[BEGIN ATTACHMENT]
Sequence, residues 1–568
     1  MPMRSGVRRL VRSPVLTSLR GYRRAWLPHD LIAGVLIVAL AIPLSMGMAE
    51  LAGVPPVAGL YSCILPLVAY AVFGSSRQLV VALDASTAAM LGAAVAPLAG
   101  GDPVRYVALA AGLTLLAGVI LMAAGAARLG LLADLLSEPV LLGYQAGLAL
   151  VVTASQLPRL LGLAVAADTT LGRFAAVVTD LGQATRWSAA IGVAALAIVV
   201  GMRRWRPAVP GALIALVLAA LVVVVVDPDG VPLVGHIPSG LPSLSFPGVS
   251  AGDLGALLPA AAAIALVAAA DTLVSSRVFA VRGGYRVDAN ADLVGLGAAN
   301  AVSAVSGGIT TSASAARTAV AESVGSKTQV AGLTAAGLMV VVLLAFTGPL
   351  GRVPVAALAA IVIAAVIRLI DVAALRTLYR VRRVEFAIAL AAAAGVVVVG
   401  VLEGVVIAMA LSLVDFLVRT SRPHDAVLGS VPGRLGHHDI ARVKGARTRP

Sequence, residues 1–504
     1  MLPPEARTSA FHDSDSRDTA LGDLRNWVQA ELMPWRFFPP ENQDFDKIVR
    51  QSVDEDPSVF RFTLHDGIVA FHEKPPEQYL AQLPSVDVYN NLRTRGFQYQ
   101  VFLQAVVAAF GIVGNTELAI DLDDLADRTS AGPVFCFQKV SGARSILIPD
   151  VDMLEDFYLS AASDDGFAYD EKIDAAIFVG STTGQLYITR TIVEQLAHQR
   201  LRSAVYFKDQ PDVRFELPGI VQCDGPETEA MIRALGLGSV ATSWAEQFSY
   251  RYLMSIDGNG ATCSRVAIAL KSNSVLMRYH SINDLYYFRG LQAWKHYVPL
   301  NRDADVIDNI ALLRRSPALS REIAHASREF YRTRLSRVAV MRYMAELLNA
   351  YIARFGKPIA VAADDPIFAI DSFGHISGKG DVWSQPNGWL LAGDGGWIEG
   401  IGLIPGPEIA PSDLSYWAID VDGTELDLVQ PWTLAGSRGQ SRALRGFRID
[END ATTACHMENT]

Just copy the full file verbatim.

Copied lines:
Sequence, residues 1–568
     1  MPMRSGVRRL VRSPVLTSLR GYRRAWLPHD LIAGVLIVAL AIPLSMGMAE
    51  LAGVPPVAGL YSCILPLVAY AVFGSSRQLV VALDASTAAM LGAAVAPLAG
   101  GDPVRYVALA AGLTLLAGVI LMAAGAARLG LLADLLSEPV LLGYQAGLAL
   151  VVTASQLPRL LGLAVAADTT LGRFAAVVTD LGQATRWSAA IGVAALAIVV
   201  GMRRWRPAVP GALIALVLAA LVVVVVDPDG VPLVGHIPSG LPSLSFPGVS
   251  AGDLGALLPA AAAIALVAAA DTLVSSRVFA VRGGYRVDAN ADLVGLGAAN
   301  AVSAVSGGIT TSASAARTAV AESVGSKTQV AGLTAAGLMV VVLLAFTGPL
   351  GRVPVAALAA IVIAAVIRLI DVAALRTLYR VRRVEFAIAL AAAAGVVVVG
   401  VLEGVVIAMA LSLVDFLVRT SRPHDAVLGS VPGRLGHHDI ARVKGARTRP

Sequence, residues 1–504
     1  MLPPEARTSA FHDSDSRDTA LGDLRNWVQA ELMPWRFFPP ENQDFDKIVR
    51  QSVDEDPSVF RFTLHDGIVA FHEKPPEQYL AQLPSVDVYN NLRTRGFQYQ
   101  VFLQAVVAAF GIVGNTELAI DLDDLADRTS AGPVFCFQKV SGARSILIPD
   151  VDMLEDFYLS AASDDGFAYD EKIDAAIFVG STTGQLYITR TIVEQLAHQR
   201  LRSAVYFKDQ PDVRFELPGI VQCDGPETEA MIRALGLGSV ATSWAEQFSY
   251  RYLMSIDGNG ATCSRVAIAL KSNSVLMRYH SINDLYYFRG LQAWKHYVPL
   301  NRDADVIDNI ALLRRSPALS REIAHASREF YRTRLSRVAV MRYMAELLNA
   351  YIARFGKPIA VAADDPIFAI DSFGHISGKG DVWSQPNGWL LAGDGGWIEG
   401  IGLIPGPEIA PSDLSYWAID VDGTELDLVQ PWTLAGSRGQ SRALRGFRID